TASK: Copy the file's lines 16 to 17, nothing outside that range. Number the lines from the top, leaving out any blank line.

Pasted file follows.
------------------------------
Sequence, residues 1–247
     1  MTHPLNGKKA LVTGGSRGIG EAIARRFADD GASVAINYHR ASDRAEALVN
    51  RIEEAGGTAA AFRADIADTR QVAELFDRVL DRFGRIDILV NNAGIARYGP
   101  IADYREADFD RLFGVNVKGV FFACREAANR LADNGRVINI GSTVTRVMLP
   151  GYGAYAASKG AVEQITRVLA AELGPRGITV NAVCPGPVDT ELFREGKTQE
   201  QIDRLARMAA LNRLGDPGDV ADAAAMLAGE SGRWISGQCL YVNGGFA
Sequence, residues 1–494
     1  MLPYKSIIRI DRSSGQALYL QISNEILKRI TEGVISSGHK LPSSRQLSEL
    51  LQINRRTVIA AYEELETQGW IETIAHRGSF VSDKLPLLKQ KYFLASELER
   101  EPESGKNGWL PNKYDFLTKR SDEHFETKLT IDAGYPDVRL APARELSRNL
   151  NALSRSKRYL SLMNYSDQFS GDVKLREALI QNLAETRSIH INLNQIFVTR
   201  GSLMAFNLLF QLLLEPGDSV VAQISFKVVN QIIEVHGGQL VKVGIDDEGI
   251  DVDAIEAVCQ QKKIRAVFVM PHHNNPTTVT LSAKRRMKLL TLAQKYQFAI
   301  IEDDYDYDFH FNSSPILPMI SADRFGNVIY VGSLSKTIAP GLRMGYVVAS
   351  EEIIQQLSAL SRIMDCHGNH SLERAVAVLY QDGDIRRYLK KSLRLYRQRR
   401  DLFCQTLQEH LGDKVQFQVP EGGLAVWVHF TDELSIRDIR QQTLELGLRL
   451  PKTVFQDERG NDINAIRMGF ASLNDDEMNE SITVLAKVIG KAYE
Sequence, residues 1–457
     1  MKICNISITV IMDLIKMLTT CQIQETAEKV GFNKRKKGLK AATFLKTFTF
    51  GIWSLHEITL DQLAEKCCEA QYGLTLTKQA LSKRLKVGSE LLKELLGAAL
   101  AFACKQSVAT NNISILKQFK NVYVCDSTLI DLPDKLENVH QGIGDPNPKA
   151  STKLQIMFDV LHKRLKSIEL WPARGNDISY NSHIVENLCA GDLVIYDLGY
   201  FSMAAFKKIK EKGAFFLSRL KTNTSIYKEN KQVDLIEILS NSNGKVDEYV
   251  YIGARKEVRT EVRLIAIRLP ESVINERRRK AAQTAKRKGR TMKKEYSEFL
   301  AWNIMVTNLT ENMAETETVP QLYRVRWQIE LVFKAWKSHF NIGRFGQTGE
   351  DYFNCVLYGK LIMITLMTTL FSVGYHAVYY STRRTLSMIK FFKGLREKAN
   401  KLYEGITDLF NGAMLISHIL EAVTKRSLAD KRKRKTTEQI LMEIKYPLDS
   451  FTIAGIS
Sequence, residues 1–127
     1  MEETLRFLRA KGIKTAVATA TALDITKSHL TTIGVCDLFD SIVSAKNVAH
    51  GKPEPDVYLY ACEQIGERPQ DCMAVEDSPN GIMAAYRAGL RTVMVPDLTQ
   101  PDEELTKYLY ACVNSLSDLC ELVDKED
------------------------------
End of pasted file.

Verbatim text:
   401  DLFCQTLQEH LGDKVQFQVP EGGLAVWVHF TDELSIRDIR QQTLELGLRL
   451  PKTVFQDERG NDINAIRMGF ASLNDDEMNE SITVLAKVIG KAYE